The Gothic church

Period: gothic

The Gothic church of Saint-Jean-des-Vignes was a monument of the first order. More than 86 meters long and 80 meters high at the summit of the northern tower of its west façade, this building gave material form to the spiritual and political ambitions of its community. The canons’ new construction project, begun in the first quarter of the thirteenth century, took three centuries to complete. Information about the Gothic church depends on several types of evidence: those parts of the building that survive in elevation; others that have been revealed by archaeological excavation; and written and pictorial records from the medieval and early modern periods.

The west façade, with its two asymmetrical towers, and the south side-aisle wall of the nave up to the window sills remain in elevation today. Archaeological excavation has revealed the lower courses of the terminal wall of the chevet, and of the choir wall on the south side as well as the foundations of the south transept arm. Excavation has also revealed the easternmost bay and a half of the choir on the north side of the church.

When completed, the Gothic church of Saint-Jean-des-Vignes was a three-vesselled, basilican structure arranged around a rectangular crossing bay. West of the crossing, a nave of six relatively regular bays, flanked by side-aisles, extended into a seventh bay corresponding to the tower block and the façade. East of the crossing, a choir of three irregular bays terminated in a flat chevet. Transept arms two bays in length projected slightly beyond the limits of the side-aisles and had an aisle, or perhaps chapels, on their eastern side.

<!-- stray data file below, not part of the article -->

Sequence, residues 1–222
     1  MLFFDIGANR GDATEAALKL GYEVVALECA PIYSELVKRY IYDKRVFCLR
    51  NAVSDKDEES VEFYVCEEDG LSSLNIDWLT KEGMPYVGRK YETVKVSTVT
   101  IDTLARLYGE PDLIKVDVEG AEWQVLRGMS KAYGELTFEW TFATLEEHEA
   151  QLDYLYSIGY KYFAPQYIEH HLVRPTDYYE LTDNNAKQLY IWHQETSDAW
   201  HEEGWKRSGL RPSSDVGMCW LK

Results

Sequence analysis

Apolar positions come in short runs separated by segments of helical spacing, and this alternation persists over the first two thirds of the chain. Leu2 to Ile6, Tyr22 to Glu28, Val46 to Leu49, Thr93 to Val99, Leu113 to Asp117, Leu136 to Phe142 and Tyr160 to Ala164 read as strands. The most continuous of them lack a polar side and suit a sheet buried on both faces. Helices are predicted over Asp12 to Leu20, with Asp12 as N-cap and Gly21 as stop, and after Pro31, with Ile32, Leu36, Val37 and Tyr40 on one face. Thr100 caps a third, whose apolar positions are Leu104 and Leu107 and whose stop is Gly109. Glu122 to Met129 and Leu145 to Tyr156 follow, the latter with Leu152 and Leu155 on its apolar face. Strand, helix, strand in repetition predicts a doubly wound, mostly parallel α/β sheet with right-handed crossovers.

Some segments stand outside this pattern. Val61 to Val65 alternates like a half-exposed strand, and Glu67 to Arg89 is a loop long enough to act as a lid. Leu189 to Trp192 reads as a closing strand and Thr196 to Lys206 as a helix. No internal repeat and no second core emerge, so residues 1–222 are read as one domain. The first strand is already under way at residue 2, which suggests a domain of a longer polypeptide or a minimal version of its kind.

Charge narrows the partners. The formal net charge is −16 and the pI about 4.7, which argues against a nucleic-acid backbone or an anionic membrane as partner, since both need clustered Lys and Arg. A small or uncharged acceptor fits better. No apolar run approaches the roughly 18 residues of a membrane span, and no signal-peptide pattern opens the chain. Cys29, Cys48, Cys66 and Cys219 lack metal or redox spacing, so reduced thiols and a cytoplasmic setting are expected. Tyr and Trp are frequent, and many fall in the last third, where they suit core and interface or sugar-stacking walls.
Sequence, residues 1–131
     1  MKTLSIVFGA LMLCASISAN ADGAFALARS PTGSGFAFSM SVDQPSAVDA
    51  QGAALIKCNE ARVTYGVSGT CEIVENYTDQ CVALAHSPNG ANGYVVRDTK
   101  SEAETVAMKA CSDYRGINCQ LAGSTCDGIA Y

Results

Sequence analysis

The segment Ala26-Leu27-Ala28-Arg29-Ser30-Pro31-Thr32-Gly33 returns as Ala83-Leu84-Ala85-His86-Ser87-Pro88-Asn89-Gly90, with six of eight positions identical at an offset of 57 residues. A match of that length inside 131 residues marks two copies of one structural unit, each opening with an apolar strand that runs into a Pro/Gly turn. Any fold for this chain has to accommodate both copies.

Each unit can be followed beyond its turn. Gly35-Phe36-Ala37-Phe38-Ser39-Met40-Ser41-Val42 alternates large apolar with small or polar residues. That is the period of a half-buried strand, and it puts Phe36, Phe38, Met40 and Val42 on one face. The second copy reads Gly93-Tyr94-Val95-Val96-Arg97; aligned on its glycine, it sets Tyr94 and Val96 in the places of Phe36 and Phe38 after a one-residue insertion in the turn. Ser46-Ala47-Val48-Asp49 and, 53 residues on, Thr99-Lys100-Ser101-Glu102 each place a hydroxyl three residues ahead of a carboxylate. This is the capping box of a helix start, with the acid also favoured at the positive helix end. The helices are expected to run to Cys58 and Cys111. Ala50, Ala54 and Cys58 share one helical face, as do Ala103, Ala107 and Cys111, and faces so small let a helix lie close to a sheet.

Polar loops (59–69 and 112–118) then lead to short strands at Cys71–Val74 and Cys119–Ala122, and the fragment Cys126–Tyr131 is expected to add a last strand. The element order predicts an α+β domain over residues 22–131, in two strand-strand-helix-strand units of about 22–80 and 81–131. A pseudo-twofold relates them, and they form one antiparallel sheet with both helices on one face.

On the basis of standing remains and pictorial evidence we can assert that the central vessel of the church was composed of a nave arcade carried on round piers with a single attached respond, surmounted by an open triforium passage and clerestory containing two lancets set below a small oculus. Saint-Jean-des-Vignes was thus a typically Soissonnais monument, probably influenced in its elevation design by the nearby cathedral, begun in the early years of the 1190’s.

The abbey church was entered, at ground level, by at least five major, decorated portals. Three of these are located on the west façade. The other two are built into the southern side aisle wall, where they were entered from the northern cloister alley. At the eastern end of the alley, the portal that served the canons as their principal entrance opened into the easternmost bay of the side aisle. Only the western embrasure of this portal remains standing, but its lavishly sculpted tympanum survives, preserved in the logis abbatial. At the western end of this alley, adjacent to the opening of the passage running under the refectory proper and linking forecourt to cloister, the portal that very likely served the laybrothers opened into the first bay of the side aisle east of the façade block.

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